The glory of the Lord means the presence of God. It is known as Shekinah which means “that which dwells.” Though that term is not used in the Bible, its concept is clear. Shekinah was coined by the Jewish rabbis to signify the dwelling of God on this earth. It was first visible when the Israelites departed from Succoth escaping from Egypt. The Lord appeared to them in a cloudy pillar during the day and a fiery pillar by night (Exodus 13:20–22). The Lord’s glory later filled the tabernacle. “Then the cloud covered the tent of meeting, and the glory of the LORD filled the tabernacle.” (Exodus 40:34). This glorious presence of God continued in the temple of Jerusalem (1 Kings 8:10–11).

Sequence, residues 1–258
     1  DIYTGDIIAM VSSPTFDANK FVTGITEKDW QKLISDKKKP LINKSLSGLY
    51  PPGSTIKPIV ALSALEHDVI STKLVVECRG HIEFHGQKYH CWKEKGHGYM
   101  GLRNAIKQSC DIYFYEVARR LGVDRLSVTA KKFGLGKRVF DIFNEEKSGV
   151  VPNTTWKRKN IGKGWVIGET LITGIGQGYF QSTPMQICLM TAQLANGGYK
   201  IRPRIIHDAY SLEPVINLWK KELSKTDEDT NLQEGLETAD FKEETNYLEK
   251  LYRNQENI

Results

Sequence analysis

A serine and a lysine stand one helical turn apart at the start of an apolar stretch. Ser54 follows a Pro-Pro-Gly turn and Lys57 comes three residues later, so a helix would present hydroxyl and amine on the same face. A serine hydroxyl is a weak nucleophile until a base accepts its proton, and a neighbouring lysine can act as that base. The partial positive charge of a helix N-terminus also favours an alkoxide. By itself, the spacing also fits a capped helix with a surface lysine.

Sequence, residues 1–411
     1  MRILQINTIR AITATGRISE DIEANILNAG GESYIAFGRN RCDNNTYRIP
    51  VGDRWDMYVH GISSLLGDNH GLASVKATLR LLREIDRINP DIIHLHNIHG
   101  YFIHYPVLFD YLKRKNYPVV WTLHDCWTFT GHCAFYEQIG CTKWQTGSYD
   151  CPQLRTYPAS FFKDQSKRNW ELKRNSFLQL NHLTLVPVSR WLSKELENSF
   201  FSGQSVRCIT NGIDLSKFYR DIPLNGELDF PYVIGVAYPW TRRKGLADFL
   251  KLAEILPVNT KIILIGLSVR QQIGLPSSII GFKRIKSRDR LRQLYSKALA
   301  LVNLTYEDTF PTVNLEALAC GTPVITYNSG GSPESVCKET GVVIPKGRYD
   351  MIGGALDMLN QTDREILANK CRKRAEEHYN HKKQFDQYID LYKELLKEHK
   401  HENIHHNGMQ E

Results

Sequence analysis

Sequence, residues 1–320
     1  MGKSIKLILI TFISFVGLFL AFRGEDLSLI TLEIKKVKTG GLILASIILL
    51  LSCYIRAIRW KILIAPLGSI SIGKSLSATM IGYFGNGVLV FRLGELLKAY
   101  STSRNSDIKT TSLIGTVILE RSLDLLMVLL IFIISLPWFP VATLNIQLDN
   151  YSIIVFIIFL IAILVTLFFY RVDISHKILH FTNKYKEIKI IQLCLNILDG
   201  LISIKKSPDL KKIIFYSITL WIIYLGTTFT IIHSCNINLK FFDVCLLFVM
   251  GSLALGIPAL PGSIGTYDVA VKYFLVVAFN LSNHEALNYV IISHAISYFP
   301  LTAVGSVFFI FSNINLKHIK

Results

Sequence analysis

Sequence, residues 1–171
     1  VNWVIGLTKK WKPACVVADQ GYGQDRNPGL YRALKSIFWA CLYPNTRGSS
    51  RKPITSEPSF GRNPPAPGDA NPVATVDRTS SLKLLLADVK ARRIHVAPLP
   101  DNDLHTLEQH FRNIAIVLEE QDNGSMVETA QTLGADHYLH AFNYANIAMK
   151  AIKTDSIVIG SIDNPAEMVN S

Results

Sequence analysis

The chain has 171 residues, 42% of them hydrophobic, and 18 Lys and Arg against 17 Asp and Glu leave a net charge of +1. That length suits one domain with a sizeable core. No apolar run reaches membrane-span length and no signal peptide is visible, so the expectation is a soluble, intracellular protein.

Seeing the glory of God is not equivalent to seeing God face to face as we see one another. “As Moses entered the tent, the column of cloud would come down and stand at its entrance while the LORD spoke with Moses.” (Exodus 33:9). Though Exodus 33:11 says, “The LORD used to speak to Moses face to face, as a person speaks to a friend” what Moses saw was not the face of God but a column of cloud. It was visible also to the Israelites (Exodus 33:10).


Moses requested God to allow him see God’s glory (Exodus 33: 18). God’s response was, “But you cannot see my face, for no one can see me and live.” (Exodus 33:20). It is like no one can look at the sun with the naked eyes at noon and preserve the eyesight. So, God allowed Moses to see only God’s back (Exodus 33:23). Jesus Christ affirmed that “No one has ever seen God. The only Son, God, who is at the Father’s side, has revealed him.” (John 1:18).